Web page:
Moderated by Dr. Hessam Dehghani (University of British Columbia), this book talk features author Dr. Elaheh Kheirandish in discussion of her book Baghdad and Isfahan: A Dialogue of Two Cities in an Age of Science CA. 750-1750 alongside two panelists Prof. Charles Melville (University of Cambridge) and Dr. Anne Ashley Davenport (Harvard University). The event is hosted by Persian Language and Iranian Studies Initiative at UBC and sponsored by the UBC Department of Asian Studies.
Date & Time:
September 8 | 11am – 12pm (PDT)
Location: online via Zoom
This talk will be presented in English.
Free & open to the public. Click the link below to register for the event.
Registration link: https://ubc.zoom.us/webinar/register/WN_BZJyihShSlWR0SNT6bp_8g
About the speaker
Elaheh Kheirandish is a lecturer and researcher at Harvard University, Cambridge, Massachusetts. She holds a PhD in the History of Science from Harvard University, as well as graduate degrees in Mathematics and Science Education from the University of Rhode Island. Her undergraduate degrees are in Applied Mathematics and Chemistry. She has taught courses at several departments at Harvard University, curated exhibits at Harvard and Brown Universities, produced documentary films and digital projects, and lectured internationally. Her most recent affiliation is with the Department of History of Art and Architecture at Harvard University, and the Agha Khan Program for Islamic Architecture.
Charles Melville, University of Cambridge
Charles Melville is an Emeritus Professor of Persian History at the University of Cambridge. He has been a long-serving member of the Governing Council of the British Institute of Persian Studies and is currently (since 2017) President. He has also served on the Board of the Societas Iranologica Europaea (1995-2003) and was President of The Islamic Manuscript Association (2006-19) and a trustee of the Gibb Memorial Trust until 2019. Since 1999, he has been Director of the Shahnama Project, based in Cambridge. In 2010 he was behind an exhibition of Persian manuscripts and paintings of the Shahnama (Persian Book of Kings) at the Fitzwilliam Museum. He is series editor of ‘Studies in Persian Cultural History’ (Brill, Leiden) and the ‘Idea of Iran’ symposia (Soudavar Memorial Foundation). He is a Permanent Fellow at the Centre for the Study of Manuscript Cultures (CSMC) at Hamburg University and currently has a Leverhulme Trust Emeritus Fellowship with a project on ‘Visualising Persian history’. He has travelled widely in Central Asia and Iran (both before and after the Islamic Revolution).
Anne Davenport, Harvard University
Anne Ashley Davenport is a senior fellow at the Center for the Study of World Religions at the Harvard Divinity School. Raised in France, she received a diploma from the University of Nancy before entering Harvard College where she earned a bachelor of arts degree cum laude. She received a master’s degree in teaching from Simmons College and completed her Ph.D. in the history of science at Harvard in 1998. Recipient of grants from the Cades Foundation and the Institute for Medieval Philosophy and Theology at Boston College, Dr. Davenport was a Dibner Fellow at the Massachusetts Institute of Technology. She has written a number of scholarly articles. Her first book, Measure of Greatness: The Intensive Infinite, 1250-1650, was published by Brill last year.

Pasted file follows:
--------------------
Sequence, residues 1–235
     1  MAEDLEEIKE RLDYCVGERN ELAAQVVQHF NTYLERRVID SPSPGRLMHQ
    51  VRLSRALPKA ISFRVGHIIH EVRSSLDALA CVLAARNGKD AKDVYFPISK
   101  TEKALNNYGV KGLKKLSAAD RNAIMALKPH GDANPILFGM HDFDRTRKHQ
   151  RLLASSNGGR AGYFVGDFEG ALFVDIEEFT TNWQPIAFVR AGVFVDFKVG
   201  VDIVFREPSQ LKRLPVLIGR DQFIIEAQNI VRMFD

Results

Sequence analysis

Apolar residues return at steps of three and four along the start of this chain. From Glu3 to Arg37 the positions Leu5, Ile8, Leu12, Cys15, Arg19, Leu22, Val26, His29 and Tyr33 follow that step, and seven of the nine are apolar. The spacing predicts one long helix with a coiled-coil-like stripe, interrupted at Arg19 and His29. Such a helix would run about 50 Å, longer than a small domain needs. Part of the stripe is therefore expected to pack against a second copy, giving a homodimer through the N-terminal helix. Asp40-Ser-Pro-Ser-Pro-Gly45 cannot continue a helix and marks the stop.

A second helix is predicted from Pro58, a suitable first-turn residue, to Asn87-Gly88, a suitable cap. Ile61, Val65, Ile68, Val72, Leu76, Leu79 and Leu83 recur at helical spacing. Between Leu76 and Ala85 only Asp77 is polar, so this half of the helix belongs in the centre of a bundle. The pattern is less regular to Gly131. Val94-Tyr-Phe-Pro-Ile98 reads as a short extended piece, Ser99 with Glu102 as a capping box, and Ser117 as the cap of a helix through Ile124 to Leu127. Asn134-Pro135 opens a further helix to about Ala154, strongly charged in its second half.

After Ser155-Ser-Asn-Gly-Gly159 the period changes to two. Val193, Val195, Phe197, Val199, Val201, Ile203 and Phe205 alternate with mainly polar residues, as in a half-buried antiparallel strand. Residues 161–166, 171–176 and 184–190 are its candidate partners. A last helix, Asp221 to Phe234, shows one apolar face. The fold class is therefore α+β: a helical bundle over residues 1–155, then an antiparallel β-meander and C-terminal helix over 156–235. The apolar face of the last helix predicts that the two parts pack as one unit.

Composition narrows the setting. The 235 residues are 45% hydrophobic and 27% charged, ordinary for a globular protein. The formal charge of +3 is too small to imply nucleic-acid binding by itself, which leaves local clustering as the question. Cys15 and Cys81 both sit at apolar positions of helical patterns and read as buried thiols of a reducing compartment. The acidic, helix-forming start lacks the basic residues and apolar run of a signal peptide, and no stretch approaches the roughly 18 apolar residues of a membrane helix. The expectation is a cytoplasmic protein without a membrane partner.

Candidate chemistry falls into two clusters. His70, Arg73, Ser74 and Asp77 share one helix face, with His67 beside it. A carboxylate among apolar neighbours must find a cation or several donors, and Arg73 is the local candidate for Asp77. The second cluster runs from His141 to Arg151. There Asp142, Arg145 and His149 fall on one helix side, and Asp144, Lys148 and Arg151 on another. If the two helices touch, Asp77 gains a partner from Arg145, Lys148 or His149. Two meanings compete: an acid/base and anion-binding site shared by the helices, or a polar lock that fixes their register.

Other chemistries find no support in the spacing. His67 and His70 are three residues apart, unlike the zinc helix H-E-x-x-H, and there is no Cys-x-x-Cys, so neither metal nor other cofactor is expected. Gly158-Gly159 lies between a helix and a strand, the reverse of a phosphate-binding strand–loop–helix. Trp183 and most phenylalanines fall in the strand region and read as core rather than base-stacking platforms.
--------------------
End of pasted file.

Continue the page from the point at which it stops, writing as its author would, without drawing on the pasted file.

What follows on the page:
Hessam Dehghani, University of British Columbia
Hessam Dehghani is an Assistant Professor of Teaching, Persian Language and Culture. He obtained a first Ph.D. in Linguistics from Allameh Tabataba’i University in Tehran, Iran, with a dissertation titled “Interpretation and Literary Theory: From Structuralism to Ricoeurian Hermeneutics” (2011). In 2019, he earned a second Ph.D. in Philosophy from Boston College, where he was a Fellow at the Clough Center for Constitutional Democracy (2014-2018). His dissertation, “The Topology of Community in Aristotle: a Phenomenological Approach,” offers a phenomenological reading of Aristotle’s formulation of a “just community” and its appropriation in Islamic thought.
About the Book:
Renowned as great centres of learning, the cities of Baghdad and Isfahan were at the heart of the Islamic civilization as rich capital cities and centres of intellectual thought. Their distinct cultural voices inspired a unique historical dialogue, which finds new expression in Baghdad and Isfahan, the story of how knowledge was transmitted and transformed within Islamic lands, and then spread across Europe. Capturing the history of Baghdad and Isfahan from 750 to 1750, Elaheh Kheirandish draws on the voices of court astronomers, mathematicians, scientists, mystics, jurists, statesmen and Arabic and Persian translators and scholars to document the extensive and lasting contribution of sciences from Islamic lands to the history of science. Kheirandish bases her narrative on a unique medieval manuscript and other historical sources and the result is more than a thousand-year ‘tale of two cities’ – it is a city by city, and century by century, look at what it took to change the world. In a feat of travelogue and time travel, this unique book creates parallel stories with modern and historical characters, crossing cities worldwide, and capturing changes through time. Interweaving multiple narratives, histories, and futures, she charts the possible paths – formalized and serendipitous, lost and recovered – by which knowledge itself is translated and transmitted across time and cultures.